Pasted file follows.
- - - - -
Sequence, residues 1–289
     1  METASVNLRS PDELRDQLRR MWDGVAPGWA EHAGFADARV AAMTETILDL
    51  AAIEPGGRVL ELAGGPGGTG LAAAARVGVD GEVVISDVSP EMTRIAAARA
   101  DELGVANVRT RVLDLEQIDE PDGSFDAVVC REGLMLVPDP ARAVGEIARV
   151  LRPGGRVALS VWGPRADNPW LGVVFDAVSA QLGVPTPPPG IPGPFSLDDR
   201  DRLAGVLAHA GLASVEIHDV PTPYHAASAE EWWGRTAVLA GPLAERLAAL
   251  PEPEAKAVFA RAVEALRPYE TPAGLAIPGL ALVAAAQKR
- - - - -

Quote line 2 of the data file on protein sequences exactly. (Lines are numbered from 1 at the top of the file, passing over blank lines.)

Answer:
     1  METASVNLRS PDELRDQLRR MWDGVAPGWA EHAGFADARV AAMTETILDL